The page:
P4d – Fabrication of textured policrystalline antimony sulfoiodide

  • Antimony sulfoiodide (SbSI) has an unusually large number of interesting properties. Among them there are pyroelectric, pyrooptic, piezoelectric, electrooptic, and nonlinear optical effects. This makes SbSI an attractive and suitable material for many applications. Unfortunately, due to its specific inherent characteristics of the SbSI growth rate anisotropy, the needle morphology is found to be predominant; accordingly, there is the difficulty in growing device quality large single crystals or films. To avoid these drawbacks, in our Institute the textured polycrystalline SbSI is fabricated by rapid quenching of the melted SbSI eutectic in liquid nitrogen.

P4e – Laser preparation of photoferroelectric heterostructures

  • There is a great demand for actuators and sensors for practical applications. Antimony sulfoiodide (SbSI) is one of the best piezoelectric crystals with high volume piezoelectric modulus and extremely high electromechanical coupling coefficient. It is photoferroelectric material characterized by very high fotosensitivity. Heterojunctions based on SbSI single crystal have just been fabricated in Institute of Physics SUT. It was done by done by applying laser beam that evokes melting and chemical decomposition of one or a few selected sections of the crystal. Treated sections are composed of amorphous or crystalline antimony (III) sulphide (Sb2S3) with energy gap 0.3 eV smaller than that of SbSI. Devices with one heterojunction (diodes), two heterojunctions (transistors) and multi heterojunctions can be created. Fabricated heterostructures are characterized by very high fotosensitivity. Nowadays, we irradiate separate sections or ends of SbSI single crystals with radiation emitted from molecular CO2 laser with wavelength λ = 10.6 µm (LTG70626G laser from LaserTechGroup equipped with LPZ1000 PZT driver with maximum output power 5 W as well as LM–100 laser from Elektrometal Żary with maximum output power 100 W). The set up contains goniometer table model Chirana 41Y313, power meter PM5200 with an air-cooled power meter probe PM150 (Molectron).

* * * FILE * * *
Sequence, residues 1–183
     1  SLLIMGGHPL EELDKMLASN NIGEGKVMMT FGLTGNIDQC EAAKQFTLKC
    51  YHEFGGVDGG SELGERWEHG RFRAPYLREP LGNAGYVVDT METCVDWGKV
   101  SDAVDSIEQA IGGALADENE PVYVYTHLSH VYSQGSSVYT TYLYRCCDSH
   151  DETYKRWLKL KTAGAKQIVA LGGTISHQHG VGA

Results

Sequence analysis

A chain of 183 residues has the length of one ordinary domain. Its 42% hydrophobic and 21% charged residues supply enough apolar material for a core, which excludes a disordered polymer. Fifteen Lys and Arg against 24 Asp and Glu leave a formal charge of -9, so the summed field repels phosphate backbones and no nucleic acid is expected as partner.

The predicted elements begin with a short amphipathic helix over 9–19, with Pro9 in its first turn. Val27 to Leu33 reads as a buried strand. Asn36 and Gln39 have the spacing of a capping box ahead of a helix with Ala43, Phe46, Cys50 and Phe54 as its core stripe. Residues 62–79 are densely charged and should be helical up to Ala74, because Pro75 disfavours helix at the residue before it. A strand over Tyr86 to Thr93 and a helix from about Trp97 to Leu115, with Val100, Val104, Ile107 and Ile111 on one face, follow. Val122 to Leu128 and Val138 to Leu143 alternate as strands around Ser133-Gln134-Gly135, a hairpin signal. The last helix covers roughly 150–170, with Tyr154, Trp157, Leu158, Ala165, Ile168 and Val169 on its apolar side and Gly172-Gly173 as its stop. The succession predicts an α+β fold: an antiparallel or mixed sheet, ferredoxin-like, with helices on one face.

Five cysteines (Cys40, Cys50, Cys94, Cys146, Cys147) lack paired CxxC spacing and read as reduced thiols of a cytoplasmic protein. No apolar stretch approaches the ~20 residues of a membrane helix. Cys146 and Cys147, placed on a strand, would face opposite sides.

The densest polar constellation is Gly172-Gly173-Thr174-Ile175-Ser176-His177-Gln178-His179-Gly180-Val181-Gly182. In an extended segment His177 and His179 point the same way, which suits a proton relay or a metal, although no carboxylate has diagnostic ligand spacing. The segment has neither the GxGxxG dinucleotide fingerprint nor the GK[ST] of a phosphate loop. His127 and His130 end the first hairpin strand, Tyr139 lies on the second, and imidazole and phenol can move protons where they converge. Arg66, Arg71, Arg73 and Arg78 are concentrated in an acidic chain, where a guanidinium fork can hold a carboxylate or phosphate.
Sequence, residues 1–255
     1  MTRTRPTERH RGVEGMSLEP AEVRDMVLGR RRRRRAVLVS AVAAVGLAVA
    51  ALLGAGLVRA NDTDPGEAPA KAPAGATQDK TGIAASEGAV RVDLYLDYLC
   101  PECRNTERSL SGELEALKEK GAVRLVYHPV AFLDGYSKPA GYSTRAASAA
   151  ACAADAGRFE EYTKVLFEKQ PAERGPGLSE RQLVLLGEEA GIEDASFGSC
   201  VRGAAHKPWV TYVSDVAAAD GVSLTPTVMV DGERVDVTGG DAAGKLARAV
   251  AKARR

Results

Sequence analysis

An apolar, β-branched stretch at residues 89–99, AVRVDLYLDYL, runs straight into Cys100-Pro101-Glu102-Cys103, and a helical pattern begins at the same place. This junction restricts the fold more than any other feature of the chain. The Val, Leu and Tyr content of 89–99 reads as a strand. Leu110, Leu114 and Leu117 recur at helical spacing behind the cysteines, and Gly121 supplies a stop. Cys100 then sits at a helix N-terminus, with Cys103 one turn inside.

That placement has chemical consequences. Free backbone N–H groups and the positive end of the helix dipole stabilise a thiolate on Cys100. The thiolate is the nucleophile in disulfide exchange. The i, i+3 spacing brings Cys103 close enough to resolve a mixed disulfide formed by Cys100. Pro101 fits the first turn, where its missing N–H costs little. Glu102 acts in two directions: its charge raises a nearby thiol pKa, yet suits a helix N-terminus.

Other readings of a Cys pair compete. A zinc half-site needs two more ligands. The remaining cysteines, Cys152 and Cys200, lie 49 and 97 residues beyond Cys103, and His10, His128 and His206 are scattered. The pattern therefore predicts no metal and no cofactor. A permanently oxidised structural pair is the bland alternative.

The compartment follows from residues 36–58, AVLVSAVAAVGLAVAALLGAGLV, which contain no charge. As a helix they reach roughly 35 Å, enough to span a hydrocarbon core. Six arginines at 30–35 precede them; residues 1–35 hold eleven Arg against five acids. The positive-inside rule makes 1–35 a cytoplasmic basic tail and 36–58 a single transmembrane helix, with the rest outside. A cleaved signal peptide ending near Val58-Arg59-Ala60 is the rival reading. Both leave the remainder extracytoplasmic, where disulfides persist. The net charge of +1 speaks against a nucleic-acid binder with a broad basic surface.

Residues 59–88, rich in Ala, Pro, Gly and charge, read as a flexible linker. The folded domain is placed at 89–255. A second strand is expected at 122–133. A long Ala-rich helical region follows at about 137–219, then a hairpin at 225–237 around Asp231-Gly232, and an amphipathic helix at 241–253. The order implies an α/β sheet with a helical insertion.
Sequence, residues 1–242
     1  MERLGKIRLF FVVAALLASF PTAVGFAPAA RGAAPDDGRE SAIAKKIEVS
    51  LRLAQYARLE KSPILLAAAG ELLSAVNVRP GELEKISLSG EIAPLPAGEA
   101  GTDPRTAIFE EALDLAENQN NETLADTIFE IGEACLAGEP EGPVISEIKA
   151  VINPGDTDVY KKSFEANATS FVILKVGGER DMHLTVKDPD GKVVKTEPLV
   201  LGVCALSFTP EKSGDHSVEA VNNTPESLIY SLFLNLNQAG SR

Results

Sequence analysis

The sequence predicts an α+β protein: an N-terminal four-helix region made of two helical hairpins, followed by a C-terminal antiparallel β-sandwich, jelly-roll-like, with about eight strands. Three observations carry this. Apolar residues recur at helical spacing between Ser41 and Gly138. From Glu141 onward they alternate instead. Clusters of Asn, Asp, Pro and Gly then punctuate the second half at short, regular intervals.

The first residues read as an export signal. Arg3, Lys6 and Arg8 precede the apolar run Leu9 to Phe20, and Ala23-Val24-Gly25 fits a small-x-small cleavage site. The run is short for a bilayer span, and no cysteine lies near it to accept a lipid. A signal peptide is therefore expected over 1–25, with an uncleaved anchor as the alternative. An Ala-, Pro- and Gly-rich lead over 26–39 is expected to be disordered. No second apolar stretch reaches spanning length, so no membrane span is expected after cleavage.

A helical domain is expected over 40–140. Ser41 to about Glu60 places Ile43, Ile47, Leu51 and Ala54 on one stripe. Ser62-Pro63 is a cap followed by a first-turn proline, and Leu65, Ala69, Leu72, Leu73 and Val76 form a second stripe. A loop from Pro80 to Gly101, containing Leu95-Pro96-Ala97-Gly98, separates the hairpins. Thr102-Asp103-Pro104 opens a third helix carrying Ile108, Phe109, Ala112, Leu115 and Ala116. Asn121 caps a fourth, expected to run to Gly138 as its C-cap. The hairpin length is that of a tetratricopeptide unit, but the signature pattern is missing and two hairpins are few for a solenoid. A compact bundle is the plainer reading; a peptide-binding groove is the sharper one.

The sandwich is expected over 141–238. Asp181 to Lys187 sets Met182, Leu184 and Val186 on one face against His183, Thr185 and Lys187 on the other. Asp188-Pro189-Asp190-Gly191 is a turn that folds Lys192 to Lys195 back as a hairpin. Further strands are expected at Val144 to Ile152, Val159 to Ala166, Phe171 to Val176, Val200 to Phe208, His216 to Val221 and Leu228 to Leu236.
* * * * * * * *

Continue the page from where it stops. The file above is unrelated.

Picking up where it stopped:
P4f – Preparation of opals, opals infiltrated with SbSI, and inverted SbSI opals

  • Research on materials for photonic crystals is actual and important topic for many investigations all over the world. The proposed paper presents morphology and structure of ferroelectric and semiconducting antimony sulfoiodide used for fabrication of inverted opals.
    Experimental set up for synthesis of SiO2 nanospheres and their gravitational sedimentation to obtain opal matrices. Owens for sintering the opals at 1000°C and for infiltration of the sintered opals with melted SbSI at 490°C. Sonoreactor for cleaning the opals infiltrated with SbSI. Experimental set up for etching the photonic crystals to obtain inverted SbSI opals.

P5 – Thin-layer technologies